Why is my dog chewing its paws? It is not super uncommon for dogs to chew or lick their paws, and it doesn’t always have to mean that something is wrong. Dogs chew paws for several  reasons; injury, cleaning, infection, food allergies, anxiety, and parasites. These are all reasons why your dog might be chewing their paws.

As a dog parent, you may be curious why your dog is displaying this type of behavior. For some, it may seem a little alarming that their dog is more interested in using their paw as a chew toy rather than…well, an ordinary chew toy.

You and your vet will need to get to the bottom of why your dog is chewing on its paws. This can be easily done during your dog’s next vet visit as part of a dog wellness plan. But remember, you need to take action sooner rather than later. Otherwise, your dog’s chewing habit might get a lot worse.

Reasons Why Your Dog is Chewing Its Paws

Here are some top explanations as to why your dog is chewing on its paws:

Allergies

Your dog chewing its paws could be because they have an environmental allergy, such as pollen, mildew, or mold, which could be causing them to excessively lick their paws. It can be challenging  to determine different allergies in our dogs, but a little trial and error can help narrow it down.

Pet insurance for dogs and a dog wellness plan can get your dog allergy tested once they are over the age of 12 weeks which can aid in the search.

Disease or Illness

Dog’s chewing paws could mean that there is something wrong. There could be a number of different diseases between the toes and on the skin. Sometimes if a dog injures itself, it is instinct to lick the area in the most pain to soothe it.

Autoimmune diseases, cysts, tumors, and cancers can also lead to paw biting. This is usually due to skin infections or hormone imbalances, usually from too much cortisol or too little thyroid hormone. Dog insurance plans can help cover any costs associated with a disease or illness.

If you suspect that an underlying disease or illness could be causing your dog to chew its paws, make sure to voice any concerns you have during your next routine vet visit. As part of our dog wellness plans, we cover many of the tests carried out during dog healthcare checkups.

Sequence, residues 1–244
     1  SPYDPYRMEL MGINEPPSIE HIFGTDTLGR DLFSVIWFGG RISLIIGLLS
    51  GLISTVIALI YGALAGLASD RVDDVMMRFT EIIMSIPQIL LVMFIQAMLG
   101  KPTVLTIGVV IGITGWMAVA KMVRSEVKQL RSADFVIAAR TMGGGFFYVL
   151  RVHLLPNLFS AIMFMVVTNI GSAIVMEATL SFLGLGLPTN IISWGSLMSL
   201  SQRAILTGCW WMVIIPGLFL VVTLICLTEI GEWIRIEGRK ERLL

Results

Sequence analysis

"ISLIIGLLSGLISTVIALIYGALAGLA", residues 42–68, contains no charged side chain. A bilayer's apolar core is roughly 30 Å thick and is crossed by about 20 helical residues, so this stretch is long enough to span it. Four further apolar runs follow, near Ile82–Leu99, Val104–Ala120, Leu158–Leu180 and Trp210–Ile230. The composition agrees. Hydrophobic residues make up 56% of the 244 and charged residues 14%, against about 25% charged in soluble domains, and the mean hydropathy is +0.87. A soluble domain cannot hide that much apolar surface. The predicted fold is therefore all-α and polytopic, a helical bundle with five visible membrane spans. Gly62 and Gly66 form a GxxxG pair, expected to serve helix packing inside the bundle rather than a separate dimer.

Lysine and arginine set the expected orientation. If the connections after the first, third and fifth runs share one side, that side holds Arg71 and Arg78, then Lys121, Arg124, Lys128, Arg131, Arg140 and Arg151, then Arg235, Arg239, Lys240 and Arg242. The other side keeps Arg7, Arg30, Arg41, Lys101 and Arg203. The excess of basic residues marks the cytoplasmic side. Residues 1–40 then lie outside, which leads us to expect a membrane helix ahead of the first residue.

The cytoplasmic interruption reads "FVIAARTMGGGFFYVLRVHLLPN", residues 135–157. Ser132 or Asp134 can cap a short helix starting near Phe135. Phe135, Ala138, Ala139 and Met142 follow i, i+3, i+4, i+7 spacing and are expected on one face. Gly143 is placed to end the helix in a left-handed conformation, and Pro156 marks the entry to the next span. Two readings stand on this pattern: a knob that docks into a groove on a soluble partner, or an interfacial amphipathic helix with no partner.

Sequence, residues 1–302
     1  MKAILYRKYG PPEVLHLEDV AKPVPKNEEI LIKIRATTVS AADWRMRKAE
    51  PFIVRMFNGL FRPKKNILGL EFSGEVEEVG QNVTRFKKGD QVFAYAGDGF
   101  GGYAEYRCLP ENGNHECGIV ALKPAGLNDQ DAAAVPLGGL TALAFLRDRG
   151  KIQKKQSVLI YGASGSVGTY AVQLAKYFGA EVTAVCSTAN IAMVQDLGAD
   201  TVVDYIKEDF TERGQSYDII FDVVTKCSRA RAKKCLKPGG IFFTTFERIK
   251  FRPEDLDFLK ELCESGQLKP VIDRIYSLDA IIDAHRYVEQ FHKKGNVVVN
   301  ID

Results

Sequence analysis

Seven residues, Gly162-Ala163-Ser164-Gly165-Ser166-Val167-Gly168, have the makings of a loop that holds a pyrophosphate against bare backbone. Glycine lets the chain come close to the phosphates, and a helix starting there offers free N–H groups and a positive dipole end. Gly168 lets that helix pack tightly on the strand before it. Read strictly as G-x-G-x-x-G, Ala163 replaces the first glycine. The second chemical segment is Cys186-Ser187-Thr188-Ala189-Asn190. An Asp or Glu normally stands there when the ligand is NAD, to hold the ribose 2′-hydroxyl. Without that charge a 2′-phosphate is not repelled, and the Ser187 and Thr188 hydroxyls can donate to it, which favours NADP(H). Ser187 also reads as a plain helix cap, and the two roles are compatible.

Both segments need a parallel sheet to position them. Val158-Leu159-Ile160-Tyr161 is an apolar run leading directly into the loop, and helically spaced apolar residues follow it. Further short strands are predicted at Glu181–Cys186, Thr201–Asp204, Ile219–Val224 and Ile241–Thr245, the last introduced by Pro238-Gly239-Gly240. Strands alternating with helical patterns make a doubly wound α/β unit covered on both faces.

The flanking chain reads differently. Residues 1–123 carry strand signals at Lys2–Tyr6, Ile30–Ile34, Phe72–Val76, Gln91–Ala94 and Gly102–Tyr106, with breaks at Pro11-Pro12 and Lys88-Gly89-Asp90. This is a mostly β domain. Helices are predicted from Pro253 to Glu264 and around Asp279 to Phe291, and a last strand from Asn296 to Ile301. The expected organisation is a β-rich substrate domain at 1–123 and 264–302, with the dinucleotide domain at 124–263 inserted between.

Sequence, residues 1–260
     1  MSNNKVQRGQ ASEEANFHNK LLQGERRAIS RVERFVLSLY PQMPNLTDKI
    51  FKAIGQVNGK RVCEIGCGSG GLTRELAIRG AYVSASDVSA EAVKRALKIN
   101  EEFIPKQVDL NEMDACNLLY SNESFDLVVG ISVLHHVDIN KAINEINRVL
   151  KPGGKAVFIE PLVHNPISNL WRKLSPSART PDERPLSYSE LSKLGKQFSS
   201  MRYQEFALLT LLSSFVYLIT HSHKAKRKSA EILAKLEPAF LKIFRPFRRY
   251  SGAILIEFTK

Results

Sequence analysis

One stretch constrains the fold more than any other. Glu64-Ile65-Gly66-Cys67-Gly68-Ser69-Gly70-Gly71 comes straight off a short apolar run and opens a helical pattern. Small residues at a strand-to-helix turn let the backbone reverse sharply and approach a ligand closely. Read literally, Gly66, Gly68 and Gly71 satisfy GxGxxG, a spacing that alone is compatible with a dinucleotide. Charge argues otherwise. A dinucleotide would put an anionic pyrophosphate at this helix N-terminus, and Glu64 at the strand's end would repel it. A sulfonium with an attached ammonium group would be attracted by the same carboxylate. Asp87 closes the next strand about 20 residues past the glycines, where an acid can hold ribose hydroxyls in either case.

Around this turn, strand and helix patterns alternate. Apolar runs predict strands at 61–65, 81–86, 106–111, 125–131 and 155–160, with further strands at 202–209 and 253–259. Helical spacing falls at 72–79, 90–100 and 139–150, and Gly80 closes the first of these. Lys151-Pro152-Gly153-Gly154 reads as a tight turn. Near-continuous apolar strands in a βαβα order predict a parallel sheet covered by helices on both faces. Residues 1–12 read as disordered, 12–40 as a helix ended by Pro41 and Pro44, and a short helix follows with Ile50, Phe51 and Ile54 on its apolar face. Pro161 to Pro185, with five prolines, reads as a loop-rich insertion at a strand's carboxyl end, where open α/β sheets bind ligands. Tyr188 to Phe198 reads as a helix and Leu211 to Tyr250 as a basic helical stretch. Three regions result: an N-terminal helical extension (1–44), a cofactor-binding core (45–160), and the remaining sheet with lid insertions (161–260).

Dry Skin

Some dogs’ paws can get dry just like humans when the weather gets a bit chillier. Cracked paws, claws, or even corns on our dog’s feet can occur between their toes (super common in greyhounds) due to salt on icy roads.

Dog’s paws can also dry out from harsh lawn and garden pesticides, so it is always good to keep them off freshly treated grass. Also, pay close attention to the soaps and shampoos you’re using, as those could be causing skin irritation and dryness.

Fleas & Ticks

Sometimes fleas, ticks, mites, and other parasites can irritate our dog’s skin as well. If left untreated, this can become a bigger problem that causes havoc all over the dog’s body. If your dog needs a checkup due to a flea or parasite, a dog wellness plan and pet insurance for dogs cover routine blood work and routine fecal exams to eliminate and treat illnesses.

Anxiety & Behavioural Problems

If you have talked to your vet and you’ve been through the entire list of possibilities for paw chewing but still cannot determine the culprit, it might be anxiety. While this can be super hard to diagnose in dogs at times if anxious enough, they can begin developing compulsive behaviors like paw licking.

To help ease your dog’s anxiety, take it for more walks, runs, and playtime. Try to offer them safe chew toys instead of their paws whenever they begin to bite or lick them. Many dogs might start chewing or licking their paws excessively if they are dealing with separation anxiety (something that has been on the rise since owners began returning to the office).

How to Stop Dog From Chewing Paws

It is always best to try and avoid the habit of paw chewing before it starts. We can do this in a few different ways:

  • Feed them a high-quality, well-balanced diet that keeps them feeling full
  • Ensure lots of exercises and mental stimulation
  • Socialize with other dogs as much as possible
  • Routine grooming and bathing, at home or by a professional groomer
  • Use a preventative flea and tick medication
  • Periodically rinse and examine your dog's  feet for dryness or irritation

If you do notice any irritation on your dog’s paws, or they begin to chew them frequently, begin to limp, develop any lumps, or are warm to the touch, give your vet a call. Dog insurance plans cover x-rays, surgeries, blood tests, hospital stays, prescribed medications, etc. Basically, anything associated with their illness and diagnosis. This saves pet parents thousands on dog healthcare.

A dog wellness plan can help pet parents and veterinarians determine the cause of the biting and cover the different preventative measures to reduce the risk of paw biting. This includes fecal exams, bloodwork, flea & tick medications, urinalysis, and routine grooming. Get in touch with the Wagmo team today to learn more about our wellness plans for dogs and cats.